Climate change shrinks the size of our brains

As reported by researchers at the Natural History Museum in California, and coordinated by Jeff Morgan Stibel, past climate changes would have led to a decrease in the size of the human brain

by Lorenzo Ciotti
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Climate change shrinks the size of our brains

As reported by researchers at the Natural History Museum in California, and coordinated by Jeff Morgan Stibel, past climate changes would have led to a decrease in the size of the human brain. In particular, the brains of 298 Homo specimens were examined and how their size has changed in the last 50,000 years in relation to global temperature, humidity and rainfall.

As the weather got warmer, average brain size decreased significantly compared to when it was colder. Jeff Morgan Stibel explained: "The most important thing to understand is that the human brain continues to evolve. We found macroevolutionary trends in brain size that occurred in as little as 5-17 thousand years.

The Holocene warming period brought to a reduction of more than 10% in brain size in modern humans. If global temperatures continue to rise this could put greater evolutionary pressure on the human brain. Given recent trends in global warming, it is crucial to understand the impact, if any of climate change on human brain size and ultimately human behavior." The brain is contained and protected by the braincase.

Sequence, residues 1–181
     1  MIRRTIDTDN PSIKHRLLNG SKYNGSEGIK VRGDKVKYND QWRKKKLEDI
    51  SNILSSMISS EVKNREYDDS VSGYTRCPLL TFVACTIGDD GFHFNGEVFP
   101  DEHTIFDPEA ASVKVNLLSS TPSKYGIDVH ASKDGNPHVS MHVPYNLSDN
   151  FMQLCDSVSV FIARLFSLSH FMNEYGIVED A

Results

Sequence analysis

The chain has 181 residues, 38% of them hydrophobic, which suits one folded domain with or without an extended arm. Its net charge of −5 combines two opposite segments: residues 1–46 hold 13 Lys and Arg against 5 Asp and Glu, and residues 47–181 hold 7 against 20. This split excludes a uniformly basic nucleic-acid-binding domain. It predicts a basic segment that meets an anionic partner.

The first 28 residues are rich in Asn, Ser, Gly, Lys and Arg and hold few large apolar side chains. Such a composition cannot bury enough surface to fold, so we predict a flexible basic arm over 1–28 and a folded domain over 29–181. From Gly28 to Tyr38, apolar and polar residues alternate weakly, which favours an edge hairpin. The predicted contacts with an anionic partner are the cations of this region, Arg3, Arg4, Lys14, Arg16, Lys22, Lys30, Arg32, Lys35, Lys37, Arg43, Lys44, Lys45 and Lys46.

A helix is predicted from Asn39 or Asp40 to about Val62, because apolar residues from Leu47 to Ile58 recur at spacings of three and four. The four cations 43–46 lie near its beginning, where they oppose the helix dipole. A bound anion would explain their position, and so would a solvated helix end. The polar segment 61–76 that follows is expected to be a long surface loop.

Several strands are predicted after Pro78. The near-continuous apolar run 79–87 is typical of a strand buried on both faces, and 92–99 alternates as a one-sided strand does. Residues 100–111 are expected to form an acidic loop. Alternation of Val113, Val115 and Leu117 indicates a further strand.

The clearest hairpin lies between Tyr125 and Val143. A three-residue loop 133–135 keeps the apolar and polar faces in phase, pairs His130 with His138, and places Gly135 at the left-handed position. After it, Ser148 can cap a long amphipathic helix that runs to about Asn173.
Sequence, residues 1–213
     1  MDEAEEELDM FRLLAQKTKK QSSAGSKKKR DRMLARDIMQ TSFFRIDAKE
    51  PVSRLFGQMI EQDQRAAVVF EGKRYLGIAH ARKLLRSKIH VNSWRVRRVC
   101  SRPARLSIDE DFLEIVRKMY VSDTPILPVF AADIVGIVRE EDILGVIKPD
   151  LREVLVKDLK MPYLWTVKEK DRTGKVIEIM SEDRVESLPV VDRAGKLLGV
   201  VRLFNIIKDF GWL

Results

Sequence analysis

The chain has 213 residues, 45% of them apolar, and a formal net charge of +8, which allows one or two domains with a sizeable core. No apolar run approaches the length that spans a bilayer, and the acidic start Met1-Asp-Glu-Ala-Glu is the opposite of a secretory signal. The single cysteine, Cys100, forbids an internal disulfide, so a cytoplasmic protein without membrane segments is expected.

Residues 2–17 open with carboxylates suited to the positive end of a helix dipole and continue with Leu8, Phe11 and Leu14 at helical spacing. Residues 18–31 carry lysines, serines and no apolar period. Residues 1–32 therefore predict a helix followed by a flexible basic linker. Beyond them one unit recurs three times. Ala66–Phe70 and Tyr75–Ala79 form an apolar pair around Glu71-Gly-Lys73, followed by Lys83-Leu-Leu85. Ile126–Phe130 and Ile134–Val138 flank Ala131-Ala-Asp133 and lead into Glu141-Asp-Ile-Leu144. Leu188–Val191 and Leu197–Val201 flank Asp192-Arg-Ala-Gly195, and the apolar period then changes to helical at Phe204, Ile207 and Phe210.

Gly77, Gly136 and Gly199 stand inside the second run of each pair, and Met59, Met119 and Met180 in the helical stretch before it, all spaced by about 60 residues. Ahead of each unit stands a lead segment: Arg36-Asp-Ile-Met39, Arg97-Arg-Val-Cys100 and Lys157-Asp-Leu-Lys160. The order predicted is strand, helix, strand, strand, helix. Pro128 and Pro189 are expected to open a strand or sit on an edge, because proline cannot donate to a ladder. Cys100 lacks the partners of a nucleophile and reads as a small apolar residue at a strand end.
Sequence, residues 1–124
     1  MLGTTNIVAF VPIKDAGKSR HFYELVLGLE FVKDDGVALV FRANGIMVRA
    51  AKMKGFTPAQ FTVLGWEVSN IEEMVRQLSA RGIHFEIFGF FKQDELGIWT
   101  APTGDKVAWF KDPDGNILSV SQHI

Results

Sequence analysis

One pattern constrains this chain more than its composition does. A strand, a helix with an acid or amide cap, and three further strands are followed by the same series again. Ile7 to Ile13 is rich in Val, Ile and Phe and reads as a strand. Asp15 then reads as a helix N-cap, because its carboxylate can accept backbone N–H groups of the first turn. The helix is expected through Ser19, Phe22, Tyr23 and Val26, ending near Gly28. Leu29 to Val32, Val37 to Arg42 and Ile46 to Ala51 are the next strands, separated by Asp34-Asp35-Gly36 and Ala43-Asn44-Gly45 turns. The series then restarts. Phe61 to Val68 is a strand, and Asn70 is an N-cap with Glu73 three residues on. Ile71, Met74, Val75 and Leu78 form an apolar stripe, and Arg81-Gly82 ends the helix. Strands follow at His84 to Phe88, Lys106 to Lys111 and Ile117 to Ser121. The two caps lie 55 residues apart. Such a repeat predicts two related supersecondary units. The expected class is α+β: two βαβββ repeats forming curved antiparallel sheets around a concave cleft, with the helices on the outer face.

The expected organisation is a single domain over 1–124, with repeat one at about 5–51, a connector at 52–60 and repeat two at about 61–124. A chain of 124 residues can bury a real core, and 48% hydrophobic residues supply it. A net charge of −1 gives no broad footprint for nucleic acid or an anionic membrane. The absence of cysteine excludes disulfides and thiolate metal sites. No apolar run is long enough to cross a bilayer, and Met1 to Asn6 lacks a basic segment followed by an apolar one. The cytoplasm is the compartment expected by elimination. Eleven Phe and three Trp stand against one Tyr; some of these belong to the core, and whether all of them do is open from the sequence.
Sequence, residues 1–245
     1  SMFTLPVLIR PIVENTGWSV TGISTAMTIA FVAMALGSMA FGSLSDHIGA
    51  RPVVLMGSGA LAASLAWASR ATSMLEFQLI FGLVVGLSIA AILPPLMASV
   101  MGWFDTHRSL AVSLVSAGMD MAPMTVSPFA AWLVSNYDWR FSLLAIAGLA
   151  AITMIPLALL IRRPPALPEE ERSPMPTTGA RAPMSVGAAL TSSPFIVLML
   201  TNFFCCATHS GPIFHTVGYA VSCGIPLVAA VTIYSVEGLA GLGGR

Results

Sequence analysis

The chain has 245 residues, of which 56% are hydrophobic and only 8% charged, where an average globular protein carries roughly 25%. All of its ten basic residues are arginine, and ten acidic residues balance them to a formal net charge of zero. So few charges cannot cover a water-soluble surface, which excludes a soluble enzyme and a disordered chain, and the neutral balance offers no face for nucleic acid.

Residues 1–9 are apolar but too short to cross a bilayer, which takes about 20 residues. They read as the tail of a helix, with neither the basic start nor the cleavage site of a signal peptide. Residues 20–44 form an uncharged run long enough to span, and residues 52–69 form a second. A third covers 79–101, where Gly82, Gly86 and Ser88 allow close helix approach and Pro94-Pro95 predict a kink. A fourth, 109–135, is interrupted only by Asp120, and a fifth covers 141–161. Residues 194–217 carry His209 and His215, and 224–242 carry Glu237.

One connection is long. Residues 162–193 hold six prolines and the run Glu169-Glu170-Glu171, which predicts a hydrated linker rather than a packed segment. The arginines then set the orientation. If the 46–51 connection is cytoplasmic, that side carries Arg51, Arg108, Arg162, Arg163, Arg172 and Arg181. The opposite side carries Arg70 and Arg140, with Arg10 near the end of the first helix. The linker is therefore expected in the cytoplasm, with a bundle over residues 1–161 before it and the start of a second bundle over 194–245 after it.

The telencephalon is the largest part of the human brain and is divided into two cerebral hemispheres. The cerebral cortex is an outer layer of gray matter, which covers the white matter nucleus. The cortex is divided into the neocortex and the allocortex which is much smaller.

The neocortex is made up of six neuronal layers, while the allocortex has three or four. Each hemisphere is conventionally divided into four lobes: the frontal lobe, the parietal lobe, the occipital lobe and the temporal lobe.

The frontal lobe is responsible for executive functions, such as self-control, planning, reasoning and abstract thinking, while the occipital lobe is dedicated to vision. Within each lobe, cortical areas are associated with specific functions, such as sensory, motor, and association regions.

Although the left and right hemispheres are broadly similar in form and function, some functions are associated with one side, such as language in the left side and visual-spatial abilities in the right. The hemispheres are connected by commissural nerve tracts, the largest of which is the corpus callosum.